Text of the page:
With return of much-needed depth, UConn men have everything working for late push; notes from Saturday’s win at St. John’s

As the UConn men’s basketball team set out to prove itself again in February, the Huskies rid themselves of their defensive struggles, toughened up on the glass and showcased an offensive chemistry, especially in the backcourt, that has proven dangerous.

But UConn still wasn’t getting the production from the bench or showing off the depth that vaulted them into national title conversations in December.

Donovan Clingan hadn’t been playing his best in limited minutes on the court. Joey Calcaterra didn’t get subbed in during the Feb. 18 game against Seton Hall after a string of unproductive games. Nahiem Alleyne had just started to thrive in his role and Hassan Diarra couldn’t play Saturday at Madison Square Garden because of an abdominal strain he suffered in the Providence game Wednesday.

But, when Alex Karaban was struggling and got into foul trouble early, and Tristen Newton couldn’t get a shot to fall, the bench stepped up.

Alleyne came in and provided eight valuable points in the first half. As head coach Dan Hurley pointed out, the Huskies are 10-0 when Alleyne scores at least that many points.

Clingan headlined a block party on Saturday when the 7-foot-2 freshman sent away a season-high five shots in a stretch of two minutes and 13 seconds in the second half. Playing without one of his front teeth after the makeshift solution when it was knocked out earlier in the season came flying out during warmups, Clingan finished with nine points (4-of-7), six rebounds (five offensive), a steal and an assist.

Calcaterra recaptured the hearts of UConn Nation with 15 points in 17 minutes; he shot 4-of-6 from the field and 3-of-4 from beyond the arc. In the previous six games Calcaterra scored just eight points combined.

“Whenever you don’t play in a game it kind of eats away at you,” Calcaterra said, “you just get antsy to get back out there and be able to help the team again. I just knew whenever I was going to get my time to get back in I was going to be ready for it and I was gonna just try to bring as much energy and have a big impact on the game as much as possible.”

“It was real nice,” Newton added. “Having no letdown from the starters to the bench players, so it’s great, it’s well-needed. We need that for the push we want to make and the run we want to go on.”

Andre Jackson starting to get used to life on an island: Junior co-captain Jackson has not enjoyed his stay on the islands Big East opponents have left him alone on. But in the last few games he’s found a way to get off of them and add value on offense, which only carries over to the other end of the court ,where he is one of the best in the country.

St. John’s didn’t use Jackson’s defender as a lane-stuffer on Saturday like most every other team has since Big East play began. And Jackson, a gametime decision as he’d been “feeling like crap” for a few days with a non-Covid related illness, played one of his best games of the season.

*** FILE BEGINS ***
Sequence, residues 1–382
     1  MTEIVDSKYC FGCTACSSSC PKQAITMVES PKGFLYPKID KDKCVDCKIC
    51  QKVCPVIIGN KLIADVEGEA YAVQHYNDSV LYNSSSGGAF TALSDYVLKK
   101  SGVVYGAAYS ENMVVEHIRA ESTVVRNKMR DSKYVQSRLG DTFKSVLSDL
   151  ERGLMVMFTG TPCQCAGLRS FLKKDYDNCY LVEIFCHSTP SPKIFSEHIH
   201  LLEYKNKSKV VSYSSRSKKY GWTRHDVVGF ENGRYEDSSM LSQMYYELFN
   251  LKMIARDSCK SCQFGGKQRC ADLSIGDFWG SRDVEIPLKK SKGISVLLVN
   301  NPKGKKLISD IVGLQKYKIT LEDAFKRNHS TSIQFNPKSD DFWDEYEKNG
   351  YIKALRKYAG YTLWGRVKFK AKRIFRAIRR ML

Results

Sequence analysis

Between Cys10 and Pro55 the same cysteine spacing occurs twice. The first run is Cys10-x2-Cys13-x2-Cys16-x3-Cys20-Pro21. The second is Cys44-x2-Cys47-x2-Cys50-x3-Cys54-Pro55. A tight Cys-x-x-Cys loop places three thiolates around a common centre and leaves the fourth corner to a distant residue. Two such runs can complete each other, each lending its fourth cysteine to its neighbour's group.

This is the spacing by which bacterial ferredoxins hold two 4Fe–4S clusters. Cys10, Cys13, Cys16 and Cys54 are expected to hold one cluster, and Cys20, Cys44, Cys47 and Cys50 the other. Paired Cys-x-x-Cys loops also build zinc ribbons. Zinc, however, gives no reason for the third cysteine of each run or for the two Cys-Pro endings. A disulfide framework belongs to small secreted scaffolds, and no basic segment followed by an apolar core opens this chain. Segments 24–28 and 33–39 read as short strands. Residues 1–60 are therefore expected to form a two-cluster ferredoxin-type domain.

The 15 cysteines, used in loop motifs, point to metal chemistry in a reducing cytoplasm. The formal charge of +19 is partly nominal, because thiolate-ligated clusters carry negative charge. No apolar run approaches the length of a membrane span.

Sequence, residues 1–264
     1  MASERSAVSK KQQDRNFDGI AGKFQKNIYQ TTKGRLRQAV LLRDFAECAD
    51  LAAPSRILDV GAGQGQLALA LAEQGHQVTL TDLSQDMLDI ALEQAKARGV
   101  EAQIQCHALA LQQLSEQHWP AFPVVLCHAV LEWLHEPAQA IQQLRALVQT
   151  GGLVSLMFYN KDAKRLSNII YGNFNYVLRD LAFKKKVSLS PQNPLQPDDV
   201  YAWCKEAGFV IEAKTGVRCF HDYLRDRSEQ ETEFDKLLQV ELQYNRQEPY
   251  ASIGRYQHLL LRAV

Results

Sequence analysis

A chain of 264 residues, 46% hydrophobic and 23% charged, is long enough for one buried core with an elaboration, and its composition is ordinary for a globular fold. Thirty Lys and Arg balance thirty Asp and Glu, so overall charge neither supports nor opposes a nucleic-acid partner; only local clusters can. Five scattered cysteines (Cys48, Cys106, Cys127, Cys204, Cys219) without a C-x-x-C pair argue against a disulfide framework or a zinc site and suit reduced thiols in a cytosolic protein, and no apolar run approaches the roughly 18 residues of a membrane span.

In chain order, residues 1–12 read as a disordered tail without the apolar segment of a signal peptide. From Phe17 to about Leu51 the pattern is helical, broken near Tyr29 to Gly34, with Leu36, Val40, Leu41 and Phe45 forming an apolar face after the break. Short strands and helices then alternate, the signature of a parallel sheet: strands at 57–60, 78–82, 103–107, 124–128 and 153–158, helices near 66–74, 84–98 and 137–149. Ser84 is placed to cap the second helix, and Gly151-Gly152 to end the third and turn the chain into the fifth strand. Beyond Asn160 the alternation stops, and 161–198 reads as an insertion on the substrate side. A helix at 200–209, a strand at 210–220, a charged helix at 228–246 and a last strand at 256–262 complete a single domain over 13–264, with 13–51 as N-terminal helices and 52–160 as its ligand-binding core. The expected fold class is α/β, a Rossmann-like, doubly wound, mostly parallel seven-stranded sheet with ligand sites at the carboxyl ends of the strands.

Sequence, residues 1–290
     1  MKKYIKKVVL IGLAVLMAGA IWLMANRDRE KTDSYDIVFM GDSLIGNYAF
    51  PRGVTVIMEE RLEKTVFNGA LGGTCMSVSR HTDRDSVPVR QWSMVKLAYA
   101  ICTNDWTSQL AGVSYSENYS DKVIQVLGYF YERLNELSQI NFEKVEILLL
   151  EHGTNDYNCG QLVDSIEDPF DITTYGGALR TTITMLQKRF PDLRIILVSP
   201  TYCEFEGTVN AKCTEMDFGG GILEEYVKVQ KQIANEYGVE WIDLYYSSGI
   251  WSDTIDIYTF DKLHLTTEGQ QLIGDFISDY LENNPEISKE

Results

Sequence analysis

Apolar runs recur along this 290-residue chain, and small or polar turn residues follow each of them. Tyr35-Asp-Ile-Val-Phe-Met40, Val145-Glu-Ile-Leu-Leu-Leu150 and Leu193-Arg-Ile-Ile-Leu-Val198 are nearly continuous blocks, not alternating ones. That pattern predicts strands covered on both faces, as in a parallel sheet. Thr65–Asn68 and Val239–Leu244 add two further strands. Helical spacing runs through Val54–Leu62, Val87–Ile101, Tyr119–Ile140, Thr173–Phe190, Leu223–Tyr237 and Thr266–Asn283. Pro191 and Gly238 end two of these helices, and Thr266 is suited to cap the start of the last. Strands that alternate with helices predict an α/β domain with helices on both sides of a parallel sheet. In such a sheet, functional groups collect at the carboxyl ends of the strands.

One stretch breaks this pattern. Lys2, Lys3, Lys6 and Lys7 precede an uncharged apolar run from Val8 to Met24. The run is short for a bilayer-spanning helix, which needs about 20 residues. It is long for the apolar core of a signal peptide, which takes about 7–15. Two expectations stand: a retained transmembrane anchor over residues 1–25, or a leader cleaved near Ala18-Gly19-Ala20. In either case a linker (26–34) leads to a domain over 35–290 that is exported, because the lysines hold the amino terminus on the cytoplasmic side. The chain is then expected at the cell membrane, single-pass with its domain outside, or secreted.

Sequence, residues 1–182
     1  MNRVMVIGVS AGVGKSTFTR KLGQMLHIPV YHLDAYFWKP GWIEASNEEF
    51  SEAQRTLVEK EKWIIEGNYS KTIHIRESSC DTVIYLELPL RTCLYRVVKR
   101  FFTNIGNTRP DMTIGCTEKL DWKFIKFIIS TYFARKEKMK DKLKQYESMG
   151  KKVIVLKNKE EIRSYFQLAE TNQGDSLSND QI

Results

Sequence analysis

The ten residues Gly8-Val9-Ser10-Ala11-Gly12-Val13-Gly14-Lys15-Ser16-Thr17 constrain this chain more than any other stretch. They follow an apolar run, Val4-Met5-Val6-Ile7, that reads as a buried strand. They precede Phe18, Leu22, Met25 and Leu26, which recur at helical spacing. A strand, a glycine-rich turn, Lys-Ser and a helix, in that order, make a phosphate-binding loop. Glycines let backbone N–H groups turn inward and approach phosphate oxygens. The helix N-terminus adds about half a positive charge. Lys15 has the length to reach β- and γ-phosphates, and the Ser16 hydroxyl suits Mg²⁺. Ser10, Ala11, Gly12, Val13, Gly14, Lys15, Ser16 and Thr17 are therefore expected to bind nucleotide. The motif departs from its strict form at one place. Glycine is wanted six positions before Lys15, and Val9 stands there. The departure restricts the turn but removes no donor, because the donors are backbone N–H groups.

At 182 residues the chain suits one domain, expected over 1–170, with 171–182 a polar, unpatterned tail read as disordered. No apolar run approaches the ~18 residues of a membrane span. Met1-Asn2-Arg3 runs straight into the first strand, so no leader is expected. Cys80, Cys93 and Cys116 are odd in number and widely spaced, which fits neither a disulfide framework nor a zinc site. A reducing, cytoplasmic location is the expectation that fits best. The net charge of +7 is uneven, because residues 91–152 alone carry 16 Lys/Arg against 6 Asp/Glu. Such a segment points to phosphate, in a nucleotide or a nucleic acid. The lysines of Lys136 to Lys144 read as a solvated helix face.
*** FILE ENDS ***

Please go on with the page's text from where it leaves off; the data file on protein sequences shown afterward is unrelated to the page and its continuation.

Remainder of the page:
“Andre’s now figured out how to play against people that are obviously playing him a little bit soft, he’s solved that puzzle,” Hurley said. “And we’re formidable.”

Jackson matched his career-high of 15 points and even made the elusive 3-pointer. He added all of the other intangibles that got him on NBA scouts’ radar, and had five rebounds, six assists and two blocks.

“They played him closer than teams have been playing him, I think because of his effectiveness as a screener, his effectiveness getting to the dunker spot. I think he’s getting better at attacking the rim too so I think that teams are gonna creep closer to him, which that’ll allow him to get back into the ball-screen game, which is where he’s really at his best.”

Saturday marked the second game of the last three where Jackson scored 15 points, with the other being a four-point performance against Providence where he shot 2-of-3 from the field.

“Man, it’s amazing,” Hawkins said of Jackson’s recent uptick in offense. “It only helps us, it only helps him. It’s great seeing him being more confident.”

Keeping it clean: There were several technical fouls called when St. John’s beat UConn at the XL Center earlier this season. It took less than five minutes for a double technical to be assessed when the teams met again on Saturday.

That one went on Newton and St. John’s Esahia Nyiwe after Nyiwe fouled Adama Sanogo on a shot attempt. There were two more technicals in the second half, one on Dylan Addae-Wusu after he instigated an interaction with Newton on a dead-ball and the other on the St. John’s bench.

“We knew that they were gonna try to do that, so we just tried our best to play our brand of basketball, we knew it was gonna get messy – that’s the way they play,” Hawkins said.